Tuesday, May 10, 2011

Planting Good Seed in a Time of Terror

Scripture for the third Sunday of Easter includes Acts 2:14a, 36-41; Psalm 116: 1-3, 10-17; I Peter 1:17-23; Luke 24:13-35

I find this Gospel story from the road to Emmaus deeply satisfying.

To start with, it presents Jesus Christ as our companion in pilgrimage. We’re always on our way somewhere, and so is he. There will be times when he comes near us and journeys with us. We may or may not notice him, recognize him. He may or may not help us recognize him: he may play us on the line the way he did those two disciples. They were hooked in dialogue with him, but he kept on feeding them all the line they needed to swim in great figure eights under his boat until, exhausted, they’re landed and he pulls out of their pitiable mouths the sharp hook of their grief and frees them.

I know, I just turned that into a fish story. You don’t have to hear it that way to find it satisfying.

But it’s that disconnect between the disciples and their familiar teacher that’s so fascinating, isn’t it? He draws near to them, but he sees no spark of awareness in their eyes, which are glassed-over by pain and loss. Is he unrecognizable because of his three days of torture, assassination, and harrowing of hell? Could be, though Luke doesn ‘t invite us to go there.

Quite simply, Jesus calls them out of their tomb by a most superficial question, “What are you talking about?”

Then comes the delicious moment when they answer, “Are you the only stranger in Jerusalem who doesn’t know?”

“Know what?” he plays along.

Then comes the part that later must have caused these two to slap their foreheads: they lay it all out to him, what he has just gone through, and along the way they drop a few clues about their own short-sightedness. They call him a prophet, not the highest opinion of him in the circle of their peers (Peter, early on, knew that he was the Messiah, the anointed one of God). They tuck in their own disappointment (“But we had hoped that he was the one to redeem Israel,” in other words the Messiah) as if he had somehow flunked the test. And their report of astonishment at the announcement by the women that his tomb was empty reveals how little these men had been paying attention to the promise of God, that justice and lovingkindness will prevail on earth as in heaven.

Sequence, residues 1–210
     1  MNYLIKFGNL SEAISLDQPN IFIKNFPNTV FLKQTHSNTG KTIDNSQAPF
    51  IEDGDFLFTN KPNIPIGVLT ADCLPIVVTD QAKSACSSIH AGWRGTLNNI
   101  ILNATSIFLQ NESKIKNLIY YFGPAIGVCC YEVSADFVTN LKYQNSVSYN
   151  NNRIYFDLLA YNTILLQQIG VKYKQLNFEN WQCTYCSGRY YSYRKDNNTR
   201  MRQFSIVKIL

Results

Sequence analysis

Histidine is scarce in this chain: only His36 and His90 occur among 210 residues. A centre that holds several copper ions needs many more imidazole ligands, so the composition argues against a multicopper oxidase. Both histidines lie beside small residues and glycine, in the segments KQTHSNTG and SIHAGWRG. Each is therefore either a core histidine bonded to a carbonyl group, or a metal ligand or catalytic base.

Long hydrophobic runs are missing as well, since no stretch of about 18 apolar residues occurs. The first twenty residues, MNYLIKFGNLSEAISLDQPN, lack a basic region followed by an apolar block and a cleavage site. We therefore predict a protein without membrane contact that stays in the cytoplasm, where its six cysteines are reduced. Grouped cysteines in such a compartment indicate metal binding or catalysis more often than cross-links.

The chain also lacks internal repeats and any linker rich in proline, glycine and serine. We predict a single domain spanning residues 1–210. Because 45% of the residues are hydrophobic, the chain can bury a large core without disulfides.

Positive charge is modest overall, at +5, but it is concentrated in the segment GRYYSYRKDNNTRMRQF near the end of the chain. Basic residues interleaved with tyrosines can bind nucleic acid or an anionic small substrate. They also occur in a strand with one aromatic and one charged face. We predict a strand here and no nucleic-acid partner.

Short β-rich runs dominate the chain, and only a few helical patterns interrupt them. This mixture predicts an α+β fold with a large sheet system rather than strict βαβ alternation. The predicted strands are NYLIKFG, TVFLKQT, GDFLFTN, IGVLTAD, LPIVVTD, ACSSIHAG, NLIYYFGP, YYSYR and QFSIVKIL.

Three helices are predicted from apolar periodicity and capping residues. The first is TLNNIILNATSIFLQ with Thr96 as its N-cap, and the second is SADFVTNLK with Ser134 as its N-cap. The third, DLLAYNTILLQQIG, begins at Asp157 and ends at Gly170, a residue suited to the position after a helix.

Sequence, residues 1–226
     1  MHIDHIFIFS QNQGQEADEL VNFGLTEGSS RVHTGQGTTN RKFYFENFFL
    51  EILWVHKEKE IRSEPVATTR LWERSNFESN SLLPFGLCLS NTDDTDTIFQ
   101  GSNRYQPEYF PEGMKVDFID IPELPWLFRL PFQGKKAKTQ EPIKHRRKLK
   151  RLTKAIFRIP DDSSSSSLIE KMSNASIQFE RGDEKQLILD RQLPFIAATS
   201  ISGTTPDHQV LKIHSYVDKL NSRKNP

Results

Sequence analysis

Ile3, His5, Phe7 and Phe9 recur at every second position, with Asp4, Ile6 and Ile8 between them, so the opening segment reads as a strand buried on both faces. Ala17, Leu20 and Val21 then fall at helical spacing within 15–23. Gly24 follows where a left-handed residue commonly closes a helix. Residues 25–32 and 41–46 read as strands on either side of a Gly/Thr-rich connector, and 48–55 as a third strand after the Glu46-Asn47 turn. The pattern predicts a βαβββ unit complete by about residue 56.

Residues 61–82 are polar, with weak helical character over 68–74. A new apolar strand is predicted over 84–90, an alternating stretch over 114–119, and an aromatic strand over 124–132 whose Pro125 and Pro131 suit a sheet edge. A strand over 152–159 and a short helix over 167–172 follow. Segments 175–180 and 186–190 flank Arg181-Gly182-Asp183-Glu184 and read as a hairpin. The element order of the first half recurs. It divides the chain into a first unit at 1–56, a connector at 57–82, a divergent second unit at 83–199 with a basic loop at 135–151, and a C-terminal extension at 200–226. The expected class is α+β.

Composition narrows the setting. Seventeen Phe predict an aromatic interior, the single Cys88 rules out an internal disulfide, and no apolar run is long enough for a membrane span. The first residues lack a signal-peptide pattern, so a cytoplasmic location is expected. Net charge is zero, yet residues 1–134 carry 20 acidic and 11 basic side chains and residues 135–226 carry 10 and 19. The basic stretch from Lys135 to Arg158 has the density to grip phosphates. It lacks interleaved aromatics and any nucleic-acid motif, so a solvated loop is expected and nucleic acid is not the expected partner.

So, in perfect segue, Jesus upbraids them. “You seem to think that God has failed, that because you are in pain and grief, this suffering of the Messiah should never have happened. How foolish you are! How slow of heart to believe the deep truth of the prophets! Salvation comes in the shadow of judgment. First the Messiah takes on the full freight of human flesh, including suffering and death; then, having crossed through those perils, he is able to lead the human race into his own freedom. You’d rather have it some other way, would you? Like, God aiming the turret gun of his tank right at the imperial throne and blasting the powers of oppression to smithereens? That is so old, so lame, don’t you see that? These three dark days show God suffering with you, for you, to build in you a power that will leave human violence in the dust, the power of spirit and truth transcendent over terror and all that terror teaches.”